S={ESD2 /6(1-νs)}(1/R)

S: compression stress

Es: Young's modulus of the base

νs: Poisson's ratio of the base

D: thickness of the base

R: curvature radius of the base curled by the formation of the DLC film

In the pressure-reducing plasma deposition process, by setting the high-frequency output to 13.56 MHz and applying 0.1 torr of mixture steam of hexane and argon into the vacuum chamber to evaluate the film deposited on the plastic film 1 in Raman spectroscopy, the film formed on the surface of the plastic film 1 can be identified as the DLC film.

For the coating film with the DLC film formed thereon by changing the composition of the material gas on the conditions described above, FIG. 5 shows measured values of the density (specific gravity) and film thickness of the DLC film.

FIG. 6 shows the adhesion and alkali resistance of each coating film of FIG. 5. In FIG. 6, adhesion 1 indicates the number of cells in which no peeling occurs among one hundred cells drawn on the coating film.

FIG. 7 shows the low-molecular organic compound (aromatic component) adsorptivity (property of adsorption) of each coating film of FIG. 5. In FIG. 7, experiment No. 7 shows the adsorptivity of a 25 micron thick plastic film with no coating formed thereon.

For each coating film of FIG. 5, FIG. 8 shows a gas permeability coefficient (gas barrier properties) and an increase ratio of the gas permeability coefficient when a 4% elongation is given to each film.

In FIG. 8, each of experiment Nos. 1-A to 7-A indicates a value of the gas permeability when the 4% elongation is given to each coating film of the experiment Nos. 1 to 7. A numeric value within parentheses indicates the increase ratio of the gas permeability coefficient (variability degree of the gas barrier properties), that is, a value which is obtained by dividing the gas permeability coefficient when elongation occurs by the gas permeability coefficient when no elongation occurs.

As the value is close to 1.00, it is indicated that variation of the gas barrier properties decrease. In a case where the value is between 1.0 and 1.5, it is judged (excellent) that the properties hardly change. In a case of between 1.5 and 2.0, it is judged (good) that the properties slightly change. In a case of 2.0 or more, it is judged (no good) that the properties vigorously change.

The evaluations shown in the figures described above are performed in the following methods:

(1) The molar composition ratio of carbon and hydrogen constituting the DLC film, which is shown in FIG. 5, was measured by an RBS measurement process and an ERDA measurement process (a process of J. Crank, "The Mathematics of Diffusion", Claredon Press (1956)).

(2) DLC Film Thickness (shown in FIG. 5):

After masking the surface of the plastic film with magic ink or the like and coating the surface with DLC, the mask was removed with diethyl ether or the like, and the film thickness was measured with a surface configuration measuring instrument DECTACK3 manufactured by Vecco Co.

(3) DLC Density (shown in FIG. 5):

A difference of weight before the film formation from after the film formation was measured, and the density was calculated from the film thickness obtained in (2).

(4) Adhesion 1 (shown in FIG. 6):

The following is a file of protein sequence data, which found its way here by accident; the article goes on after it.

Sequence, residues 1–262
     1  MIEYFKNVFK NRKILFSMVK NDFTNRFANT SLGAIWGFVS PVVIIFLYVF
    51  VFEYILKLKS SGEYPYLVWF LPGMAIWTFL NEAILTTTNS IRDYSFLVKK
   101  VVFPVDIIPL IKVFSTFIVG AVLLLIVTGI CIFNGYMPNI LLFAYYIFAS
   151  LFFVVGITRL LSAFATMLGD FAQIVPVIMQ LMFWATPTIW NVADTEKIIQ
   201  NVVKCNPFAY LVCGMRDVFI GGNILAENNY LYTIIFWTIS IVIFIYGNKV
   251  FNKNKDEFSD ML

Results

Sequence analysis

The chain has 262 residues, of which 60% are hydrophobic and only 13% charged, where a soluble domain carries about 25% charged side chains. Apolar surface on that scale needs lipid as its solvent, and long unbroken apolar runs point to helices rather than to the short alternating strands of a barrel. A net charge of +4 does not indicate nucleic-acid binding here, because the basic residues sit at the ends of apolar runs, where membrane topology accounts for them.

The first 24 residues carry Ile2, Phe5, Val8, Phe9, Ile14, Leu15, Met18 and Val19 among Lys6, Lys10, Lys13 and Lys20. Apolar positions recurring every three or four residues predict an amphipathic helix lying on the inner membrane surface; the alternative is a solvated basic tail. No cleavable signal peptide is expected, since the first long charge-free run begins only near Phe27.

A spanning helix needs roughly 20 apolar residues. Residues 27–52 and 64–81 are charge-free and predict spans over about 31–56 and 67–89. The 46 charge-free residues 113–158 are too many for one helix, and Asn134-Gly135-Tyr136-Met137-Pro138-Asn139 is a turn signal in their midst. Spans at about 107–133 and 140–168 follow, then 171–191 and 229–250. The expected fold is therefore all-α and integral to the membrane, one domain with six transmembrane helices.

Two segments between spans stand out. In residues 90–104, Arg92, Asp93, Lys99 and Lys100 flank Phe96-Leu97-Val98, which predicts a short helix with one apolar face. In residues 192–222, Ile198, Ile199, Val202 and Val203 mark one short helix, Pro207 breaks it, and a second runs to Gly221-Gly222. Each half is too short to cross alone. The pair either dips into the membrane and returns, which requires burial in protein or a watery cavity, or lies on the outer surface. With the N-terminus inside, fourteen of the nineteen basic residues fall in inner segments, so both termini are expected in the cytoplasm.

The coated surface of the plastic film was evaluated according to a cross-cut adhesion test method of JIS K5400 on the following conditions:

scratch clearance interval: 1 mm

the number of cells: 100

(5) Adhesion 2 (shown in FIG. 6):

A side wall of a container was evaluated by using a continuous load applying scratch test machine HEIDON 22 manufactured by Shinto Kagaku on the following conditions. The degree of adhesion was represented by a normal load applied to a scratching needle when the film starts peeling off.

Material, configuration of the scratching needle: diamond, 50 μR

Load applying rate: 100 g/min

Table rate: 1000 mm/min

(6) Alkali Resistance (shown in FIG. 6):

A film with one surface coated with DLC was placed in an alkali solution with 10 wt% of sodium hydroxide applied thereto and dipped in a hot water bath of 75 C. for 24 hours, so that a change of the DLC configuration and the presence of peeling were confirmed. For results, no change after the dipping for 24 or more hours was displayed as excellent, and no change after the dipping for 12 or more hours was displayed as good.

(7) Low-molecular Organic Compound (Aromatic Component) Adsorptivity (shown in FIG. 7):

The low-molecular organic compound (aromatic component) having odor was used as one type of environmental material, and a test was conducted by referring to a method of Matsui et al. (J. Agric. Food. Chem., 1992, 40, 1920-1905).

The procedure is as follows:

A 0.3% sugar ester solution with 100 ppm of each of various aromatic components (octane, octanal, octanol, ethylhexanoate, d-limonene) applied thereto is prepared to form a model flavor solution.

A sample with both surfaces coated with DLC is placed in 50 ml of the model flavor solution, covered with a lid, and stored at 20 C. for one month.

After one month, the model flavor solution is discarded, and the sample is cleaned with distilled water of 60 C. and dried.

The sample is placed in 50 ml of diethyl ether, and an aromatic component adsorbed by the sample is extracted.

The sample is taken out of the diethyl ether and dehydrated by applying sodium sulfate anhydride thereto.